Send to

Choose Destination
FEMS Microbiol Ecol. 2010 Jun;72(3):507-14. doi: 10.1111/j.1574-6941.2010.00863.x. Epub 2010 Mar 8.

Bacterial transformation of dietary lignans in gnotobiotic rats.

Author information

Department of Gastrointestinal Microbiology, German Institute of Human Nutrition Potsdam-Rehbruecke (DIfE), Nuthetal, Germany.


The bioactivity of lignans depends on their transformation by gut bacteria. The intestinal bacteria Clostridium saccharogumia, Eggerthella lenta, Blautia producta and Lactonifactor longoviformis convert the plant lignan secoisolariciresinol diglucoside via secoisolariciresinol (SECO) into the bioactive enterolignans enterodiol (ED) and enterolactone (EL). While the in vitro conversion of lignans by these bacteria has already been demonstrated, it is unclear whether this defined community is also capable of catalysing lignan transformation in vivo. We therefore associated germ-free rats with these four species. Germ-free rats served as a control. All animals were fed a diet containing 5% ground flaxseed. The caecal contents of rats associated with the four lignan-activating bacteria (ALB rats) contained SECO, ED and EL. The maximal EL formation rate from lignans in the pooled caecal contents of ALB rats was 7.52 nmol min(-1) g(-1) dry matter. The ALB rats excreted EL, but no SECO and ED, in their urine. The caecal contents of germ-free rats contained SECO, but no ED and EL. Their urine was devoid of lignans. Hence, the presence of enterolignans in the ALB rats, but not in the germ-free rats, demonstrates that this defined microbial community is capable of transforming plant lignans into EL in vivo.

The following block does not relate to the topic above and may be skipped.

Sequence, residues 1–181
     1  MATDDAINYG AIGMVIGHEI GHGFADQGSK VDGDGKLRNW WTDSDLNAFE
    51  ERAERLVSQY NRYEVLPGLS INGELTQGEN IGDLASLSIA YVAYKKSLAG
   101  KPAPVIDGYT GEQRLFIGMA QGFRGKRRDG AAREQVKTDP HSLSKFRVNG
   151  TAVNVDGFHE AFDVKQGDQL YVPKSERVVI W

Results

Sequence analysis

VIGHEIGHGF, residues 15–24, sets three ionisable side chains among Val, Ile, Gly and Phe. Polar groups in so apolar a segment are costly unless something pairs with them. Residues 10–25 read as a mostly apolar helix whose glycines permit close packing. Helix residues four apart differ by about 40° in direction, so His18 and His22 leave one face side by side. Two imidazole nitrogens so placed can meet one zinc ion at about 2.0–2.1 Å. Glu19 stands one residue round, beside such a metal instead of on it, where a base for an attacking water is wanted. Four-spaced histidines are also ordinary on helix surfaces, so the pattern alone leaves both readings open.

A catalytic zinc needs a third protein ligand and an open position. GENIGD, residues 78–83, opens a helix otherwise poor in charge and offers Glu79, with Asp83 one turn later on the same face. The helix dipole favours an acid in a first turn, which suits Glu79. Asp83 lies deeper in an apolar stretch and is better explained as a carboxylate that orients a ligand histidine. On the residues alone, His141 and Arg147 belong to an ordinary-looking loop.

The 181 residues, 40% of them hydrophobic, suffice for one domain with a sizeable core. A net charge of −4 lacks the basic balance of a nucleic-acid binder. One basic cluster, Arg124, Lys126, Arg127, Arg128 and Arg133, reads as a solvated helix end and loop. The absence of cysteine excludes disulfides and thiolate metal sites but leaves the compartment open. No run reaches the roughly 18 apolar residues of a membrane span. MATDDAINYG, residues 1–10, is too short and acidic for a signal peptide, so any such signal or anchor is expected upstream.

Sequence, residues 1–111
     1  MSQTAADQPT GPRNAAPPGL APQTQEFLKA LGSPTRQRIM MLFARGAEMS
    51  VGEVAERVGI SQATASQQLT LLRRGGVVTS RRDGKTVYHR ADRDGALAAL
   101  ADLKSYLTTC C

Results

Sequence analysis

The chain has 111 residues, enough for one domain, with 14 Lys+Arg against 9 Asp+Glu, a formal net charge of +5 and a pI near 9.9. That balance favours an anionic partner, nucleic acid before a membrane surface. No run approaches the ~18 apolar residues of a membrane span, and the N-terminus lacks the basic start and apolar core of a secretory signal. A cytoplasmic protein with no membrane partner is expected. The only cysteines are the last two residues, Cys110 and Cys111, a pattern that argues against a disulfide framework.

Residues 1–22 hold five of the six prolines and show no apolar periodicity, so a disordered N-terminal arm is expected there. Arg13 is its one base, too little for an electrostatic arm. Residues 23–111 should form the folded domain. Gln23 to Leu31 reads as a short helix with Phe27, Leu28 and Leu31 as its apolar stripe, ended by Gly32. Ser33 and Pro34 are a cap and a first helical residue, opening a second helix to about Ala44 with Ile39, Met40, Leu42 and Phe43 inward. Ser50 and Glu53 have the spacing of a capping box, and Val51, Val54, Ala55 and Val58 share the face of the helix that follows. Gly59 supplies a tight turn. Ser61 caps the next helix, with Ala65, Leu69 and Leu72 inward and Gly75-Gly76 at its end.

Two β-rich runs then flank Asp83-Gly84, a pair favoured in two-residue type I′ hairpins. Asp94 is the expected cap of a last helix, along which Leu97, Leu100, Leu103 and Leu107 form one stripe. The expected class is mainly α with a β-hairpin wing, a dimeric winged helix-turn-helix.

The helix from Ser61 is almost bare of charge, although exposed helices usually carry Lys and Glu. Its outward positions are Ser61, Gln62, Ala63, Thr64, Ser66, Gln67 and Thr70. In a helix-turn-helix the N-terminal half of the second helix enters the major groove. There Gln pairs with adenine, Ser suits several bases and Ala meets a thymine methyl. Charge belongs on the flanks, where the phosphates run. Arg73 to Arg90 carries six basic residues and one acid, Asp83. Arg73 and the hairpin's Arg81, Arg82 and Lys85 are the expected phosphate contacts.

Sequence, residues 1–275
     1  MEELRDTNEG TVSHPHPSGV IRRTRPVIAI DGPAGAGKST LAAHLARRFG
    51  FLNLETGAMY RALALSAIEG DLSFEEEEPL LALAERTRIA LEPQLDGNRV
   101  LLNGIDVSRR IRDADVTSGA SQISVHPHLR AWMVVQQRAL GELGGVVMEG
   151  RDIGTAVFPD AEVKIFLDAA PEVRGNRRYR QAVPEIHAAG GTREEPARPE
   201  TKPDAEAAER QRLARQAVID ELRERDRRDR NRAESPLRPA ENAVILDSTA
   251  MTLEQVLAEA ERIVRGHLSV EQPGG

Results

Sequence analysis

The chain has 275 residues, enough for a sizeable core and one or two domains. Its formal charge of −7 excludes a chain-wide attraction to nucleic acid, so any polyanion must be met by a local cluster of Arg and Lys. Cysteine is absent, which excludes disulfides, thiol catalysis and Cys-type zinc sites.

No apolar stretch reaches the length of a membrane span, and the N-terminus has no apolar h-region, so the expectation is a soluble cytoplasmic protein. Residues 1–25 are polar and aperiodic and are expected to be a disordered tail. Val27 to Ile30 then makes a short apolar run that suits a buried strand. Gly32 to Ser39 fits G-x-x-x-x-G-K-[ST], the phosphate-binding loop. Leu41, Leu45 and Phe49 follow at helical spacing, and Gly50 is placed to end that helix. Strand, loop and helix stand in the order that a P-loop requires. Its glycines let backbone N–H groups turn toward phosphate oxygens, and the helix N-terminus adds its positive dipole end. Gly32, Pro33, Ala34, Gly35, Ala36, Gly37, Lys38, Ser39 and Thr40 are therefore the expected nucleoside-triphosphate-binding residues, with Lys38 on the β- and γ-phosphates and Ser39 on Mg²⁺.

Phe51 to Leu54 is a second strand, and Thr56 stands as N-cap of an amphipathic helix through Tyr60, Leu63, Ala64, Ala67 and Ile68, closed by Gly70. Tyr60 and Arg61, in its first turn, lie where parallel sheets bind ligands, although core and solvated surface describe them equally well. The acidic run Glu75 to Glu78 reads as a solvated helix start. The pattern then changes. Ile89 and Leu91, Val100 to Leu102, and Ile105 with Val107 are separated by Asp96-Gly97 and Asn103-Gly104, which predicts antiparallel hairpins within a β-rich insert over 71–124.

[Indexed for MEDLINE]
Free full text

Supplemental Content

Full text links

Icon for Silverchair Information Systems Icon for Wiley
Loading ...
Support Center